New UK migration proposals will worsen logistics’ recruitment shortfall
Proposal to retain the ‘Level 3’ qualification requirement ‘would severely worsen the shortage of labour in the logistics sector if implemented’, says FTA
New UK migration proposals this week will not solve the recruitment shortfall in the country’s logistics sector, and the proposal to retain the ‘Level 3’ qualification requirement “would severely worsen the shortage of labour in the logistics sector, if implemented” after the UK leaves the EU, according to the Freight Transport Association.
In response to recommendations made by the UK government-appointed Migration Advisory Committee (MAC) to reduce the £30,000 salary threshold for immigration post-Brexit but retain the Level 3 qualification requirement, Sally Gilson, head of skills policy at FTA, commented: “While FTA is pleased to see the £30,000 salary threshold has been reduced, the MAC’s proposal to retain the Level 3 qualification requirement would severely worsen the shortage of labour in the logistics sector if implemented; as such, it should be removed from the post-Brexit immigration policy.
“The UK desperately needs 59,000 HGV drivers just to keep operations afloat, but as this job only requires a Level 2 qualification, businesses would not be able to recruit non-UK drivers under the proposed system. The sector is heavily reliant on EU workers – these individuals comprise 13% of the entire logistics workforce – and with 64% of logistics businesses already struggling to fill vacancies, taking away the pool of non-UK workers would have devastating impacts for ‘UK plc’ and the wider economy.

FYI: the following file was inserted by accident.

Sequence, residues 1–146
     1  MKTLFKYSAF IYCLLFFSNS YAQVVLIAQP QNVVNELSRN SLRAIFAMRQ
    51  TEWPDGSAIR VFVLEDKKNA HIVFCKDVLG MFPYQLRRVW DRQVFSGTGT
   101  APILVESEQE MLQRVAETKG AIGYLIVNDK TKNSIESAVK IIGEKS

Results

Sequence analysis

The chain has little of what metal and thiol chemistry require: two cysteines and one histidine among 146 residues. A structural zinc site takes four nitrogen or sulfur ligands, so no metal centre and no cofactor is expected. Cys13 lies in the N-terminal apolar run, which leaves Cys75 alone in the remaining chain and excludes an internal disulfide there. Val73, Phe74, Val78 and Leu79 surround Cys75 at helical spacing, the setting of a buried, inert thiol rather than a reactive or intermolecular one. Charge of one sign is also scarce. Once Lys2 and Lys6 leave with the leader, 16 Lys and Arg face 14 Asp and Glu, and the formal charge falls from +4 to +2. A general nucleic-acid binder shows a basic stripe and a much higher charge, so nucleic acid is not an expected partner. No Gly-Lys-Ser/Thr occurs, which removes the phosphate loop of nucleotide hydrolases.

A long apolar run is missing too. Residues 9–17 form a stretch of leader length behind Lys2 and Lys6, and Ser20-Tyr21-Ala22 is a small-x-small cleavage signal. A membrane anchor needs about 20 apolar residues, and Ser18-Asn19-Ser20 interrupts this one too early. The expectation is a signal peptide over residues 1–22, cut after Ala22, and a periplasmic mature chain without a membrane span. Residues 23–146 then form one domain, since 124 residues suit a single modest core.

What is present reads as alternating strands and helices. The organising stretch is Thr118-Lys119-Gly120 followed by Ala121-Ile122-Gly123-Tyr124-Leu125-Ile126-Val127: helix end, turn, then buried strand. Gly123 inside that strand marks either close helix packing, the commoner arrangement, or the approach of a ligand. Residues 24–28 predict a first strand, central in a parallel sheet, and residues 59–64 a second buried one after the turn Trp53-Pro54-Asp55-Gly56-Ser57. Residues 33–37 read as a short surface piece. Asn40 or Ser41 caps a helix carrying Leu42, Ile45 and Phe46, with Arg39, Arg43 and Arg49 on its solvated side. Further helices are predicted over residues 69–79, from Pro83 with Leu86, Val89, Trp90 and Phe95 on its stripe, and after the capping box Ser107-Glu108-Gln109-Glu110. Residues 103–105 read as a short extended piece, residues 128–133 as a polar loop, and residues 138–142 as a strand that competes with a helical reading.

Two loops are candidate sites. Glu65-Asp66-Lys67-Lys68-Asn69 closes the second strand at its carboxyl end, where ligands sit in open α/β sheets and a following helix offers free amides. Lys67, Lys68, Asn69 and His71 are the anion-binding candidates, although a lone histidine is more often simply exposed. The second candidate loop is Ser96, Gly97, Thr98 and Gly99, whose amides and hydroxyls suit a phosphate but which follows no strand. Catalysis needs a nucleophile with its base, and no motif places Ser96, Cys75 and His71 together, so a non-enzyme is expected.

“These standards would hit hardest the industries that are already suffering from labour shortages; they unfairly discriminate against vocational workers who provide a vital service to the UK economy.”
Gilson continued: “In an ideal scenario, we would be able to recruit UK workers to fill the shortfall, but with the UK experiencing record levels of employment, the sector remains reliant on migrant labour. The logistics sector wants to keep the UK trading – and will do anything possible to see this happen – but we need an immigration policy that provides the right framework; not just for the logistics sector, but for the wider UK economy.”